The first thing I ever saw was, ironically, some images in a gutter when I was 11, walking home from school. There was a woman in leopard skin clothing and of course as school girls we went crazy!

Later I think I stumbled across some copies of the [UK tabloid the Daily] Sport that my brother had in his room. But the first time I used porn was when I was with my boyfriend at the time.

And that was when you started to form the idea that you didn’t think women’s sexuality was being catered for in pornography?

Yes, I didn’t know anything about pornography. It was exciting, I enjoyed it and I certainly didn’t do it because I wanted to please the boyfriend.

When I was 22 I bought “Women on Top” by Nancy Friday and I think that was very key. It’s a book about women’s fantasies and there was absolutely everything in there, it helped me accept my sexual being, it was very useful to me.

I think it also helped me realise that I was bisexual. I don’t know when I owned up to myself about that. There wasn’t a “coming out” – it sort of gradually dawned on me that i fancied women as well.

Did these experiences feed into your desire to make porn for women?

For me, like a lot of people, making porn was a kind of naughty dream job that I would have liked to do in a parallel life.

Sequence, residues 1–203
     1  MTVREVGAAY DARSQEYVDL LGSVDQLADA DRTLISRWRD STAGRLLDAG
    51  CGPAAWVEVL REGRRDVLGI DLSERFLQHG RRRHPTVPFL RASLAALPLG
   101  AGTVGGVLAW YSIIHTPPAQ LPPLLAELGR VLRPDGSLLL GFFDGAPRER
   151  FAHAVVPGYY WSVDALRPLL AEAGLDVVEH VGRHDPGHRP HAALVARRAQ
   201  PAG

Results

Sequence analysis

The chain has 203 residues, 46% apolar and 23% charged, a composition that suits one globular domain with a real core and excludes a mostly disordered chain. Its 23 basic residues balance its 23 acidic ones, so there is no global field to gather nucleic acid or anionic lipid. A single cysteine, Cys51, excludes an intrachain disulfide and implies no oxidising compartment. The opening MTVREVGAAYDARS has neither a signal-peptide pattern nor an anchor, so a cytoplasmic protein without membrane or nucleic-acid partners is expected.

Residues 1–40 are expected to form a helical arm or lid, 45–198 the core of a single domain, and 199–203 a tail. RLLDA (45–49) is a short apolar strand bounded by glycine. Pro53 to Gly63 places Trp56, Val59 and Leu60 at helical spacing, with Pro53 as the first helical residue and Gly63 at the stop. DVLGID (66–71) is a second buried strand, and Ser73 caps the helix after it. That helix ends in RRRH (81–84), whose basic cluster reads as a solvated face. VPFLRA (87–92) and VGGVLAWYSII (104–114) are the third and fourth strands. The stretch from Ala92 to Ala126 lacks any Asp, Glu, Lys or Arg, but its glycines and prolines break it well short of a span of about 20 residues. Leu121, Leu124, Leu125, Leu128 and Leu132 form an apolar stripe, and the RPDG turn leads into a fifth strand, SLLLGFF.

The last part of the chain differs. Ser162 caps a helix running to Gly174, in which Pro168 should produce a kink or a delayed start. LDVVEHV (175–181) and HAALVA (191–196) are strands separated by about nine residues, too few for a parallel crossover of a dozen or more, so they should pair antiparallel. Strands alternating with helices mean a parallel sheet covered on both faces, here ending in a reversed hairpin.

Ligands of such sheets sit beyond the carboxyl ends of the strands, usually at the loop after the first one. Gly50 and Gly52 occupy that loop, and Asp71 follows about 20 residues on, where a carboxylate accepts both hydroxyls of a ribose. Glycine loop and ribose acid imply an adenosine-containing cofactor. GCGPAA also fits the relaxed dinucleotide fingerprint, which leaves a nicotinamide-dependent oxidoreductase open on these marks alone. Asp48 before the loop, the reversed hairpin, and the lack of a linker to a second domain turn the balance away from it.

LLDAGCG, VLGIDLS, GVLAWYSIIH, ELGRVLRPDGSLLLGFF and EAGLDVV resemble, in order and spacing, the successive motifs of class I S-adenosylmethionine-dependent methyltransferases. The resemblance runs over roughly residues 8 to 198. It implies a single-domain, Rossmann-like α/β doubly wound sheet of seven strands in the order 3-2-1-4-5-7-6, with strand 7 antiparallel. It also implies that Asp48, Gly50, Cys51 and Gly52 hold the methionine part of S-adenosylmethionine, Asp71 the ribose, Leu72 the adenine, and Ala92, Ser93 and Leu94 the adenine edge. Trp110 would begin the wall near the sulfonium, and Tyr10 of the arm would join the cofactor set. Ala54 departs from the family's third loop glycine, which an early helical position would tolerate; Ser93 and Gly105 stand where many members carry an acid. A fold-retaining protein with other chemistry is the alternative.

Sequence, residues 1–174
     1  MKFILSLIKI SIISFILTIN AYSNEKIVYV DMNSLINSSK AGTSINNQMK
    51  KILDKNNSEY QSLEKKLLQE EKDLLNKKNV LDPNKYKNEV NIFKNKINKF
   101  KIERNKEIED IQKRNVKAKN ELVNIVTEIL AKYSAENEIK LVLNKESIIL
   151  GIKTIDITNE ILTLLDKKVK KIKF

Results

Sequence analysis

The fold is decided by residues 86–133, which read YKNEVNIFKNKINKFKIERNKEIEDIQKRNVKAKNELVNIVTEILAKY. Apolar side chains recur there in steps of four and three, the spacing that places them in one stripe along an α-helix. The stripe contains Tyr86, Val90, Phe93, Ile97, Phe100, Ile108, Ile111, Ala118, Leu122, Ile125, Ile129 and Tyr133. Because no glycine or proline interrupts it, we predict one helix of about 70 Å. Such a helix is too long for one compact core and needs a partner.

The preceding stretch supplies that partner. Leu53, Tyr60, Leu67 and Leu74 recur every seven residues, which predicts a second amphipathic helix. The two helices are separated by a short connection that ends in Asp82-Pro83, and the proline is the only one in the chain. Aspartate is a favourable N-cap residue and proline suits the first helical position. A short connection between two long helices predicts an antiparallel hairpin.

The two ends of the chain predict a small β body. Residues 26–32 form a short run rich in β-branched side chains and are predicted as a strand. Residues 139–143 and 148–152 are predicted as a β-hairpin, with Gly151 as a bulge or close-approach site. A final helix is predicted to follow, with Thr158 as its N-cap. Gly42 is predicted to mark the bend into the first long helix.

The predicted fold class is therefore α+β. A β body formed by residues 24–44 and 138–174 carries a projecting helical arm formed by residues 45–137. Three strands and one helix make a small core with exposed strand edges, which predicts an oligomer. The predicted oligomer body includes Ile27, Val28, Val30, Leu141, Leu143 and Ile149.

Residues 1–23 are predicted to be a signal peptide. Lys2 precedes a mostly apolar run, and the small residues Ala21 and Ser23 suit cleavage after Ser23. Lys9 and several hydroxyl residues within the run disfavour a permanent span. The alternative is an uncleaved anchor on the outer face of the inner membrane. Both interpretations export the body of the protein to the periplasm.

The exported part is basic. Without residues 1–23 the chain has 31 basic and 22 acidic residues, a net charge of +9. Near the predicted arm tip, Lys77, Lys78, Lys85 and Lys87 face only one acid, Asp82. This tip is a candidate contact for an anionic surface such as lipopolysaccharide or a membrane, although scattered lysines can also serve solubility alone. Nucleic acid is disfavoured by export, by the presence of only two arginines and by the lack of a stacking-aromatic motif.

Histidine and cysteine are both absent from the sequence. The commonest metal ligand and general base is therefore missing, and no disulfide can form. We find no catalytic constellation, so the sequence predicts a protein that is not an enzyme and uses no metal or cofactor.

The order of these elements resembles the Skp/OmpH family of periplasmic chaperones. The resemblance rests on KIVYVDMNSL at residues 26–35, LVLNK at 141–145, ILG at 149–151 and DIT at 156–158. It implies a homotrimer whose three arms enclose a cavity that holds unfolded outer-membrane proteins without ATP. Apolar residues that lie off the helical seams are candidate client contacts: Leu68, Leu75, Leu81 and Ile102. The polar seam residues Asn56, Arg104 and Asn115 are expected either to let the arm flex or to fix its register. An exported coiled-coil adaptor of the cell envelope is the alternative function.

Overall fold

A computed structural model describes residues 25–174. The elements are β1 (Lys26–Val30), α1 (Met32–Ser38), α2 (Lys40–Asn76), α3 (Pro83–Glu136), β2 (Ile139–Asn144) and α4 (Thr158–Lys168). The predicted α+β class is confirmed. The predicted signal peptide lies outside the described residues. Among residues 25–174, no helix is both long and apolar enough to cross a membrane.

I got into [London art college] St Martin’s when I was 24 and I started to think about making porn. In my final year at college I wrote my dissertation – “Towards a New Pornography” – on porn and I made a sex film.

My first film was quite experimental, although the blokes couldn’t get it up, but there were also people peeing etc so it wasn’t soft!

Do you think you been driven by having a greater interest in sex than the average person?

I don’t know. How do you compare? They say that men think about sex every seven seconds. Well, I think about sex a lot and I enjoy it, I still do.

There is no history of abuse in my life and if you met my family you’d wonder how they spawned me because they’re very middle class and very average. We’re certainly not a sexually overt family.

When I read Women on Top there were women admitting to having sexual imaginations from when they were very young and I did too. But I developed a guilt about this imagination in my teenage years.

Do you judge your films to be successful if you find them arousing? 

Yes, to a certain extent. With porn it’s like catching a live dance, a performance, and you have to film it as well as you can, so it’s always a matter of compromise.

It’s not like mainstream cinema where you can map out everything in advance and you can get actors with acting skills. How it goes on the day is how good the film will be so there is a lot of chance involved.